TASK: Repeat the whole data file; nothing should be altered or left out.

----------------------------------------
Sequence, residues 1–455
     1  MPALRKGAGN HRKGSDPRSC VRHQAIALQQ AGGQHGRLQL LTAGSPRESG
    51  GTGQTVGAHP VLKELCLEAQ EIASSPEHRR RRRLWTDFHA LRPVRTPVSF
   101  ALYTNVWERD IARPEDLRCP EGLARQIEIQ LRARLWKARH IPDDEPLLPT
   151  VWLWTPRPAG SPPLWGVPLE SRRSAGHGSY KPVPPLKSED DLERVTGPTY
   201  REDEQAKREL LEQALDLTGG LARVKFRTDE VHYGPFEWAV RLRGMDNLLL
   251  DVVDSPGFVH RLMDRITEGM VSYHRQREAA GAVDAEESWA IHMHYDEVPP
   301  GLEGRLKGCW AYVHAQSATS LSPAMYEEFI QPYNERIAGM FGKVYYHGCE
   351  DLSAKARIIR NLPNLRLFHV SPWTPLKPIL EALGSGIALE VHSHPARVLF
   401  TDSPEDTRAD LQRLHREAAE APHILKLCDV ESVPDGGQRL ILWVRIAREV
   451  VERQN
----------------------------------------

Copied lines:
Sequence, residues 1–455
     1  MPALRKGAGN HRKGSDPRSC VRHQAIALQQ AGGQHGRLQL LTAGSPRESG
    51  GTGQTVGAHP VLKELCLEAQ EIASSPEHRR RRRLWTDFHA LRPVRTPVSF
   101  ALYTNVWERD IARPEDLRCP EGLARQIEIQ LRARLWKARH IPDDEPLLPT
   151  VWLWTPRPAG SPPLWGVPLE SRRSAGHGSY KPVPPLKSED DLERVTGPTY
   201  REDEQAKREL LEQALDLTGG LARVKFRTDE VHYGPFEWAV RLRGMDNLLL
   251  DVVDSPGFVH RLMDRITEGM VSYHRQREAA GAVDAEESWA IHMHYDEVPP
   301  GLEGRLKGCW AYVHAQSATS LSPAMYEEFI QPYNERIAGM FGKVYYHGCE
   351  DLSAKARIIR NLPNLRLFHV SPWTPLKPIL EALGSGIALE VHSHPARVLF
   401  TDSPEDTRAD LQRLHREAAE APHILKLCDV ESVPDGGQRL ILWVRIAREV
   451  VERQN